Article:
“What’s the emergency, Sis? You sounded panicky on the phone”
“Oh, Daisy,” I whined, “Karl’s’ mother is coming to visit and since we moved I can’t find the box?”
“What box, Tullie?” All of us girls were named after flowers but I was adamant about not being called Tulip.
“You know, the box where I hide all those tacky crafty things my well-meaning mother-in-law sends. I usually wait until she is coming for a visit before I set them out. As soon as she leaves they go back into storage.”
My precious older sister was willing to help. Karl let me know in no uncertain terms he was staying out of it. “Let’s hop to it,” Daisy commanded as she pulled on my arm, “we’ll start at the top and work our way down.”
“Thanks. What would I do without you?”
She didn’t answer. I guess she had heard that line too many times before. Together we climbed the steep stairs to the roomy attic. Sunshine poured through several of the tall windows.
“Okay, here’s the plan.” Daisy always said that the first thing. She just loved to organize. “Which boxes are you sure are not the ones with the craft goodies?”
She was already making sense with her calm demeanor and deductive reasoning.
Box by box we searched for the one that would yield its tea cozies, dishwashing liquid bottle dresses, little house shaped covers designed for every appliance imaginable, and painted wood signs with messages like Welcome or Kiss the Cook.
In a few hours, with no success, we escaped to the kitchen for iced tea. I could see by the way she chewed her bottom lip Daisy was beginning to work on Plan B.
“What,” she postulated with slow deliberation, “ was the one thing whose absence would hurt her feelings the most?
That was a no-brainer for me. It had to be the lampshade she fashioned out of an old silk parachute. She stenciled all the different flowers representing my sisters and me. There were Roses, Lilacs, Daisies, Violets and Tulips. Green was feathered around the bottom to look like grass, and on the top part, a decided sky blue.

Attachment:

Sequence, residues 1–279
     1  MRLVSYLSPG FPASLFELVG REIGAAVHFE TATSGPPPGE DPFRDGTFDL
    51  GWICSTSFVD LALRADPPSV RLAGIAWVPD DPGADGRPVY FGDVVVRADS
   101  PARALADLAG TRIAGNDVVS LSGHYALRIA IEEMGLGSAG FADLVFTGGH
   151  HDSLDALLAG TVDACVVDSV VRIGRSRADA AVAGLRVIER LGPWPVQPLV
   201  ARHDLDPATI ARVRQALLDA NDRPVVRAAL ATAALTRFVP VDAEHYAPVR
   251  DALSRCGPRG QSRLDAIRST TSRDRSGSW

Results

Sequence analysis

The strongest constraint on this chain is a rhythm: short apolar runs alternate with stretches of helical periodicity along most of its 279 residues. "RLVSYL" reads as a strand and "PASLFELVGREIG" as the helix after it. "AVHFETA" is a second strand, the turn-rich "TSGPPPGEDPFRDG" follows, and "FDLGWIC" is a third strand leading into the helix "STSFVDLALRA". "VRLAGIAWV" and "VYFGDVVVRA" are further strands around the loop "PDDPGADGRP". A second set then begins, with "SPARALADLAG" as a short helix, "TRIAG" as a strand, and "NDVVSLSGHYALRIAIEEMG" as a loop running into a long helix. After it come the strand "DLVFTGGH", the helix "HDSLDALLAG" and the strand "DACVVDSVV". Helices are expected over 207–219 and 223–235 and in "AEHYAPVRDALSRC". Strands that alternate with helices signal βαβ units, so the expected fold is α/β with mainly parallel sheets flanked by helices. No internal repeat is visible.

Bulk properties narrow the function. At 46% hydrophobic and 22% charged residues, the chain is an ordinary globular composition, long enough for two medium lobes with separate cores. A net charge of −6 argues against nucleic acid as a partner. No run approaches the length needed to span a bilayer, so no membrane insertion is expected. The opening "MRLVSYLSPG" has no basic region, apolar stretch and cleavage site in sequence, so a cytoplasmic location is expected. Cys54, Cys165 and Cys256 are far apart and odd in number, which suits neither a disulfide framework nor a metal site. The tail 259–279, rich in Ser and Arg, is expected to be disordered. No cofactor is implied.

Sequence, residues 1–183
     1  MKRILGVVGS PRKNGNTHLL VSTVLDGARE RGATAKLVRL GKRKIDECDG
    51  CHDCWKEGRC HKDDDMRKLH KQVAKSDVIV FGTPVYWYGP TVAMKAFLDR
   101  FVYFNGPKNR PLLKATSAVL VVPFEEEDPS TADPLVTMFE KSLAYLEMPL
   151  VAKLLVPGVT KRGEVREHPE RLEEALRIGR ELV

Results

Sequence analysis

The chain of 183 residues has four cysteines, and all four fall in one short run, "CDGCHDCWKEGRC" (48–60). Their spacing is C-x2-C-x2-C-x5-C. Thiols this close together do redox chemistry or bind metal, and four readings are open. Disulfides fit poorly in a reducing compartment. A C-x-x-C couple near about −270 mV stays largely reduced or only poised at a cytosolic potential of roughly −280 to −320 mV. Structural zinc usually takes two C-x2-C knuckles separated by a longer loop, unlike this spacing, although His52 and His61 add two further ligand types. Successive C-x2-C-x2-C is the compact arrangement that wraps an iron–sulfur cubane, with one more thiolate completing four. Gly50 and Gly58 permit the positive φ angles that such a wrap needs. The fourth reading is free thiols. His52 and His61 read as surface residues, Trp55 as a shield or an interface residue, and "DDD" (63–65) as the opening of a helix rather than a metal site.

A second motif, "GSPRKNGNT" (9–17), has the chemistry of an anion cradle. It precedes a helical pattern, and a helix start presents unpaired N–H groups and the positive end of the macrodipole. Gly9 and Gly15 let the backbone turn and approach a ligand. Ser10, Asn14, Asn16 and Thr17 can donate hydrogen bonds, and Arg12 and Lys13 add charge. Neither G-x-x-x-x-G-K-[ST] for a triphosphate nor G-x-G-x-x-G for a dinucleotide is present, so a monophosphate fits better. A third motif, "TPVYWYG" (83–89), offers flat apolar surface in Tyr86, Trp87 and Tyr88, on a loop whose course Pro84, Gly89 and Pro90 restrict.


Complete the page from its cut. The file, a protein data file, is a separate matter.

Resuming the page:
Daisy tried to suppress a giggle. “Do you have a picture of that one-of-a-kind decorator accessory?”
“Yes,” I retorted to my smart-aleck sister,” I just happen to have that very thing.”
I stomped off to the den with what I hoped was a show of disgust at her complete enjoyment of my predicament. When I returned with the evidence, she seemed to be dumbstruck.
“Wow!” It really is amazingly awful isn’t it?”
“I told you, smarty pants.” I really needed to work on my attitude, but right now wasn’t the time.
My sensible sibling changed back to her detective mode. “How do you know this monstrosity means so much to her?”
“Well, for one thing, every time she comes for a visit, the first thing she says is, ‘Oh my…I see you still have the lampshade; and in such a prominent spot too.’ Then, she will make reference to how well it has held up over the years.”
“I would assume it stayed so nice because you whisked it away the second she left…right?”
I made a face but I had to admit Daisy had a brilliant plan. She said she had some material and an old lampshade that could pass. “We’ll enlarge the picture and try to copy it exactly. She’ll never know. “
We stayed up all night re-creating until we were too dopey to see straight. By the time Karl pulled into the driveway with the woman whose feelings I was trying so hard to spare, the lamp was in full regalia and standing splendidly on the hall table. The look on the poor woman’s face spoke volumes. Her eyes were as big as crocheted waffle iron covers.
“Oh my dear Tullie. Have you still got that perfectly ghastly shade? I thought it would have it died a natural death years ago. You must really love it.”
I ran for my private prayer closet before I embarrassed us both. After I calmed down, revelation surprised me. No, I did not really love it, but I did really love her.
That was the best visit I can remember with the grandmother of my children. When we said goodbye, she whispered knowingly,“ Please dump the silly thing”.
Free at last, I gave the ugliest lampshade on the planet to the Second Chance Shop.
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